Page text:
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  • Writer's pictureJennifer Strube

Diving into December with Mr. Louganis

As the last month of the year approaches and we are all faced with the end of yet another calendar, it is time to put on our reflection caps.

Or our diving caps, thank you Greg Louganis.

This weekend, I had the privilege of attending Tedx Malibu. The theme of the conference was Living Out Loud — or living in ways that makes your passion audibly palpable to others. One by one, as amazing artists, producers, athletes, and actors from all over the U.S. took the platform, I sat frantically taking notes. Surely, if I became introspective enough, I could leave transformed. 

As my pen plummeted on, I soon noticed notes weren’t the point. In fact, the point was quite the opposite… but, being that I’m a writer, I’ll leave you with some frosty fortune cookie bites to take with you into December:

Love. Tell your truth. And get serious about the business of life.

Figure out your name. 

And what one thing you alone can teach. 

And who it is that you serve. 

And what those that you serve most need to keep coming alive.

Keep coming alive yourself, because, most often, people need reminders of innocence and wonder.

Recognize the seconds that surround you as an invitation to enter exactly where you belong. 

If you don’t know where you belong, embrace that too. You just may not fully fit in.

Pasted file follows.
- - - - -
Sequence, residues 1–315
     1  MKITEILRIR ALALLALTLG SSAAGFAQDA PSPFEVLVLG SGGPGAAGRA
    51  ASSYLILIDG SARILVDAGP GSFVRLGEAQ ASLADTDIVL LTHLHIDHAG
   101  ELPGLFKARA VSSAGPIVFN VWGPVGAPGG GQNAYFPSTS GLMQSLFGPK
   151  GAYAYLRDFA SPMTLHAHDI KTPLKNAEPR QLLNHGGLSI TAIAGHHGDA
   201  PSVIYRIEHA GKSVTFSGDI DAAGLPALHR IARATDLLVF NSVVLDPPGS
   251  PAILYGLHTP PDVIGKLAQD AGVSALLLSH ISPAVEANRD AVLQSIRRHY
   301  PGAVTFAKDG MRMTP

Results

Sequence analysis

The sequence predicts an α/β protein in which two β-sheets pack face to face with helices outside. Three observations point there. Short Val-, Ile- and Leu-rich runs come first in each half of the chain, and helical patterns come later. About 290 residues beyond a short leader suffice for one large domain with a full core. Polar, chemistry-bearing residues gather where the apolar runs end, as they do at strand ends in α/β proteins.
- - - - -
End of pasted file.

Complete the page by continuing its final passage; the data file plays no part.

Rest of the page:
Make your awkwardness your trademark.

If, in the search of where you belong, you realize you don’t know where you are, trust that you are smack in the center of Love’s gaping arms.

Use Love as your greatest springboard.

Keep making leaps. Giant jumps. Sure, sometimes our leaps are mistakes, but never making a leap is always a mistake. Sometimes when we leap, we learn to fly and other times, we are caught by angels just before we crash into the dust.

Either way, the landing is more cushioned than we imagined. 

Be grateful for your problems. They keep you sharp and ingenuitive. They keep you re-imagining your situation and thinking outside of your perfectly planned boxes. And, in retrospect, they are life’s greatest short-cuts. They fuel creative juices faster than the perfectly paved roads.

Trust that roadblocks are protecting you from danger. They are not there to trap you or slow you down.

But sometimes you need to slow down. 

Screw plan A. Plan B is much better.

The unexamined life is not worth living. But the overexamined life is sadly never even lived.  

Death is not what scares us. Unlived life scares us. But don’t be scared. We can do nothing about our mortality, but we can do everything about the way we spend our lives. So get to living, please.

And be sure to drink your Ovaltine. 

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